Many of us who endured the mass evacuation before Hurricane Rita
don't necessarily have fond memories of that experience.
The Rita evacuation was the largest mass evacuation in the history of the
United States. Many folks spent 24 hours or more in their
vehicle as they sought refuge from the deadly storm. I
received several first-hand reports from individuals who spent
18 or more hours just to get from Houston to Dallas.
During normal conditions, that trip usually only takes about
Personally, I'd rather not
relive that event. However, given the information I had at
the time—a major hurricane predicted to hit Harris County dead
on—I'd probably make the same decision again. City,
County and State officials are claiming that they have a much
better plan in place should this occur again.
It's a sad but noteworthy
statistic that the vast majority of fatalities associated with
Hurricane Rita were related to the evacuation. Many
persons died from the heat or stress as they tried to flee the city.
Most of those deaths could have been prevented if those persons
had followed the tips on this page.
For Your Vehicle
When my family began our evacuation from Hurricane Rita, I was
soon very glad that I had taken the time to prepare before
leaving home. For our first four
hours on the highway, we averaged a speed of only 1.5 miles per
hour! I witnessed hundreds of vehicles broken down,
overheated, and out of gas. It became obvious
to me that most folks were ill-prepared for any kind evacuation,
much less one as extreme as this!
If you decide to evacuate,
you should start by taking a look at the checklist further down
this page. It would be wise to have enough food, drink and
supplies for your family and pets for at least three days.
Even though you may make it to a shelter or safe destination
within 24 hours, it's always best to be prepared if the shelter
doesn't have adequate supplies for the initial wave of refugees.
It's also a good idea to
keep a "Go Bag" that's stocked up and ready to go on
very short notice. Though we've become accustomed to
hurricanes coming in via the Atlantic Basin giving us
substantial lead time, Category 3 Hurricane Alicia formed in the
Gulf Of Mexico and hit Houston in just three days! So
during hurricane season, you should always be prepared for a
Your Go Bag should contain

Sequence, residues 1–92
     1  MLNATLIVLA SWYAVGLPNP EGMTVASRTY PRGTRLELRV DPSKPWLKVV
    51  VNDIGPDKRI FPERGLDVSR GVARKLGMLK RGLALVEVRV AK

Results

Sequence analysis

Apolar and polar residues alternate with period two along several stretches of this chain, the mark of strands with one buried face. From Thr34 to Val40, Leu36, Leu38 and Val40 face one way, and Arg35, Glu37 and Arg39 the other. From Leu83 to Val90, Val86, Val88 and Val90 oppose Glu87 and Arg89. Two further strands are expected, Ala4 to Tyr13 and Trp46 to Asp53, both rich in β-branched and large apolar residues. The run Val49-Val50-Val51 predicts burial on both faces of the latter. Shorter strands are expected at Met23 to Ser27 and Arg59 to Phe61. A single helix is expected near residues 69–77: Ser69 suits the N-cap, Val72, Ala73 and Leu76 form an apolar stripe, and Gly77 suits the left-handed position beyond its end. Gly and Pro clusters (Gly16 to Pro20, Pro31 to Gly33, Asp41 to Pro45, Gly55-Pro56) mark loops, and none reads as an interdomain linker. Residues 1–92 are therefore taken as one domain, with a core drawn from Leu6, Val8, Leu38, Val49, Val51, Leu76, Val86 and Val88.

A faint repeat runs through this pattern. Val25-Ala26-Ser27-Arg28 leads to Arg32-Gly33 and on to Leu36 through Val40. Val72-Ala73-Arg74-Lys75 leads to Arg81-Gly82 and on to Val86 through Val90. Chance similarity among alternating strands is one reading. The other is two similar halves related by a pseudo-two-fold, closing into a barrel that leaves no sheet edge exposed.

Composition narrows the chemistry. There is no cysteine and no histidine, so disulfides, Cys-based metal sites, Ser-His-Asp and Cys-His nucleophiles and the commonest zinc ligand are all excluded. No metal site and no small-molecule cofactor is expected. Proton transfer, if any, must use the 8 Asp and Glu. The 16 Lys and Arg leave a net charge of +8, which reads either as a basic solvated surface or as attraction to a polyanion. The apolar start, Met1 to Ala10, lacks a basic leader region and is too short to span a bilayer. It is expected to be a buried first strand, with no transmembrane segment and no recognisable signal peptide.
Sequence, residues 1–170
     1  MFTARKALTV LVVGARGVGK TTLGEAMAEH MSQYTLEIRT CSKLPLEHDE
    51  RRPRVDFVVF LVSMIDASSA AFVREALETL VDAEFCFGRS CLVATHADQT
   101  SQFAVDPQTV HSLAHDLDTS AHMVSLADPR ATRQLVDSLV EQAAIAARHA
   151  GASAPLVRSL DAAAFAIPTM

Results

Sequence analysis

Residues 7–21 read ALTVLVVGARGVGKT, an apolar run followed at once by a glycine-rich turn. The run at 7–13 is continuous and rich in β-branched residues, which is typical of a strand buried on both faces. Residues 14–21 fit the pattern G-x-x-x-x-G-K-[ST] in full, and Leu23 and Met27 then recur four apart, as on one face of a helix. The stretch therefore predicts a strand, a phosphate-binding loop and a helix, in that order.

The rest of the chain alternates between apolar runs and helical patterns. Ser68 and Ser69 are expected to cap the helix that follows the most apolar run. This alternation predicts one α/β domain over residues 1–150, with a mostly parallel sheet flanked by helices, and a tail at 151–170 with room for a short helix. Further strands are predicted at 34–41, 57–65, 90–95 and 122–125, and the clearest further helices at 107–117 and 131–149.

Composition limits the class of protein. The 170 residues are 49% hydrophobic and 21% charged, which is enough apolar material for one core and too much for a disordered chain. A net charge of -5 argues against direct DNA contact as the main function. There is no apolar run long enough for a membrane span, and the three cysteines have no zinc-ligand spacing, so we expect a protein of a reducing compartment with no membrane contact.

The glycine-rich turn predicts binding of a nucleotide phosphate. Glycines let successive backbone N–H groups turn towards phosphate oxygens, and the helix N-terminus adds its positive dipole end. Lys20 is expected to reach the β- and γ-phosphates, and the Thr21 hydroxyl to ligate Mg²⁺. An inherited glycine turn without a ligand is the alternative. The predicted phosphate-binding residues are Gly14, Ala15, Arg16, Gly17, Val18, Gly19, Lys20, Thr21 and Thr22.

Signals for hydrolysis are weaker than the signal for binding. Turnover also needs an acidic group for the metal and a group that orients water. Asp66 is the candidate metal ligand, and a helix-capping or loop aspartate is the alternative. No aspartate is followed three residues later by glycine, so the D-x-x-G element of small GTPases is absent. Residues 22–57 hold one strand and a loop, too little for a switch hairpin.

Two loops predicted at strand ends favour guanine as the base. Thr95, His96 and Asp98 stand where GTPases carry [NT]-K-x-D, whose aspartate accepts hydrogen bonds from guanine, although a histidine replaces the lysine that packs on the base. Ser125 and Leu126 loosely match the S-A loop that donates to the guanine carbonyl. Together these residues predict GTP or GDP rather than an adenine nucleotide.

many of the essentials that you may need in your car, such as
emergency food, water, and a first aid kit. Though this
may not be adequate to feed an entire family for several days,
it will at least provide some level of preparedness should you
have to hit the road in a hurry. Personally, I'm a
big advocate of making your own customized Go Bag. But
buying a ready-made kit may be best if you're prone to
procrastination. I've looked high and low for a good,
ready-made bag, and the best one I've found is Uncle
Bob's Go Bag. I was pleasantly surprised to see the
quality of products in this bag, and how close it was to what I
have in mine.
Stay or Go?
One of the most difficult
decisions you will be faced with is whether or not you should
stay put and ride out the storm at home, or to evacuate and take
your chances on the freeways. As you decide to either stay
or leave, there are several factors that should help you make
How big and powerful is the storm?
There's a huge difference in a small, Category One hurricane
and a monster Category Five!
Do you have a place to
go should you choose to evacuate? Do you even know
where the shelters are along your evacuation path?
How secure is your
home, and how safe do you believe you will be if you don't
evacuate? Are you in an old home, in a low-lying area
prone to flooding?
How prepared are you
to care for yourself before, during, and after a storm and
possible protracted power outage?
How far are you from
where the storm will make landfall? The inland winds
from a hurricane may be much greater than you think.
Use the software at this National Hurricane Center's High
Wind Risk Area web page to view the computer models for
where you live.
As you make your
decisions based on the size and Saffir-Simpson